Presentation Tips

Common Pitfalls To Avoid When Creating a Sales Deck

Jordan Turner
February 22, 2024
 min read
Common Pitfalls To Avoid When Creating a Sales DeckCommon Pitfalls To Avoid When Creating a Sales Deck
Table of Contents

Believe it or not, a presentation can make or break a sales meeting. Oftentimes, sales teams will use a presentation to help communicate key features, benefits, and the value proposition of the offering. A sales pitch presentation helps grab the audience's attention, create interest in the product or service, address their pain points, and ultimately convince them to make a buying decision. It acts as a tangible resource for interested buyers to learn more about a company’s offering and how it will benefit their team. 

A good sales deck presentation enables sales teams to put their best foot forward in a meeting and gets them one step closer to closing the deal. A bad one can turn the prospect off to the company entirely. 

When creating a sales deck, it's crucial to avoid common pitfalls that can hinder its effectiveness. Here are some sales deck deal-breakers to steer clear of. 

Overloading with information

If a prospect agrees to a sales meeting, they’re likely already interested in what you have to offer but need more information to make that final decision. While information is important, over delivering can easily overwhelm the buyer and have a reverse effect. If they leave the meeting with more questions than answers due to information overload, they may be less inclined to move forward. 

In a sales deck every slide should be intentional. Avoid cramming too much information onto each slide and keep the message clear and concise. This allows the audience to process and retain what you’re telling them, so they can make an informed decision later.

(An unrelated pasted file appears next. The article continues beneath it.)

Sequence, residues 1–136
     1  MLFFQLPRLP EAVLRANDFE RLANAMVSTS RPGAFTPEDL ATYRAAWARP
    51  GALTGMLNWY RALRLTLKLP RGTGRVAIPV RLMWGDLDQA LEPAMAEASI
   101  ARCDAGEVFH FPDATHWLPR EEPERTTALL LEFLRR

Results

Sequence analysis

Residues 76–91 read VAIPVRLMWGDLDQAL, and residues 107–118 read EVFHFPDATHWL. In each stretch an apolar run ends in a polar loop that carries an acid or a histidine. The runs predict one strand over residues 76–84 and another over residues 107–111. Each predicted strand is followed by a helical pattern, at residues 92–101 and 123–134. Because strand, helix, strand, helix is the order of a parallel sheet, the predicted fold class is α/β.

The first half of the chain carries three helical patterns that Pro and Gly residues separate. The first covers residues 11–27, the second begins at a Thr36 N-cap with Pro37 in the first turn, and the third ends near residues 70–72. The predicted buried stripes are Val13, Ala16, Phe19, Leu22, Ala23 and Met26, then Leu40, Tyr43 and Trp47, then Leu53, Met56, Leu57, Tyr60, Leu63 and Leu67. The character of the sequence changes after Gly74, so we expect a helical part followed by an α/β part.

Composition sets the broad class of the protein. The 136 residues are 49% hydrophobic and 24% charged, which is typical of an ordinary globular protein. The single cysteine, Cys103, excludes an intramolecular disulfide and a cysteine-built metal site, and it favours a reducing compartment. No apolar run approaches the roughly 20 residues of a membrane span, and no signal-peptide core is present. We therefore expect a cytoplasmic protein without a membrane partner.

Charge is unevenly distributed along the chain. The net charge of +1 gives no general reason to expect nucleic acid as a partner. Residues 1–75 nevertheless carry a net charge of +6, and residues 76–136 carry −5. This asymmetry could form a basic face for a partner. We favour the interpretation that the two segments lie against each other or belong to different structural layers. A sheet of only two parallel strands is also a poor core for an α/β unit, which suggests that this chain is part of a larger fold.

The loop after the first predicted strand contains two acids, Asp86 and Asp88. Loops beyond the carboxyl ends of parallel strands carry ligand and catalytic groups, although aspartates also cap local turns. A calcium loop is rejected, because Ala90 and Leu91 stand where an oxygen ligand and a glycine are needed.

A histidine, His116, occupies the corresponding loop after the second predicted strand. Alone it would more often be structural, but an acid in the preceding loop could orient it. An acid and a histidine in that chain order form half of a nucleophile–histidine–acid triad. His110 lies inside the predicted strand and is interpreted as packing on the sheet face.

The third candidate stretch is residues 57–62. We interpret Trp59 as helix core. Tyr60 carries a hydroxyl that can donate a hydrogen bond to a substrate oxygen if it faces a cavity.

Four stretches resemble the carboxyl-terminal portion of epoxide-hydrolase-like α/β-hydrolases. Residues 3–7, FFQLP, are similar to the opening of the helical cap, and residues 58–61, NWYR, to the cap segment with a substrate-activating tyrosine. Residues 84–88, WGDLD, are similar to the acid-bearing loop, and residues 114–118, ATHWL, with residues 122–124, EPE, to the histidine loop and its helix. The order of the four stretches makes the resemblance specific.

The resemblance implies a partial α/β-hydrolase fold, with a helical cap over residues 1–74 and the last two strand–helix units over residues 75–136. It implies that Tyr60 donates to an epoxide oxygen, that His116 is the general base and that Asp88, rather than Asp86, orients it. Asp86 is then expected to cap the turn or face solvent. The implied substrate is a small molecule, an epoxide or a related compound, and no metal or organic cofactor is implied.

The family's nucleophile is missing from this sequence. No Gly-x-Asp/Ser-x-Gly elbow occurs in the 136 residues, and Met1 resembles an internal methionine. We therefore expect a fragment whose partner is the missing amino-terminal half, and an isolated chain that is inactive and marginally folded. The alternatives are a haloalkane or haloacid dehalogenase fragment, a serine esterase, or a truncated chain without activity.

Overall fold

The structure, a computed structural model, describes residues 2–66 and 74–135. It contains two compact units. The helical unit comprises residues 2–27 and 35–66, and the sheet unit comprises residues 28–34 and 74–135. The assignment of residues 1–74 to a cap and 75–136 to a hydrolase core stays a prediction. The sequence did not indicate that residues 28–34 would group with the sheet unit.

Inconsistent branding

Too often we hear marketing teams complaining about the decks their salespeople are using in meetings. They tend to be cluttered, inconsistent, and off-brand— or Frankendecks, as we like to call them. Any company presentation should be an extension of the brand, but it’s especially important when you’re pitching your company to potential clients. Inconsistent branding in a sales deck lacks brand identity and reliability, and compromises the trust of the prospect.’s intuitive and collaborative presentation software lets your sales team create professional branded sales collateral in a fraction of the time. No designers, no formatting, just beautiful presentations to keep your sales team ahead of the competition.

Lack of clear structure

Nobody wants whiplash from a meeting that lacks structure. Not only does that cause a disconnect between the presenter and the audience, it can cause your prospect to disengage from mental fatigue. The same applies to a presentation without a clear flow. Are they tracking your content or did you lose them along the way?

Your sales deck should lead the audience through a story, from their unique problem to the solution you’re offering, and end with a strong call-to-action. Choosing the right charts, graphs, and slides can help you organize your pitch in a way that feels natural and makes sense to potential clients. 

Neglecting audience needs

At the end of the day a sales meeting is about the buyer. Each sales deck should be tailored specifically to the unique needs of the audience. If you’re neglecting the needs, or pain points, of the prospect they may end up missing the value of your offering entirely.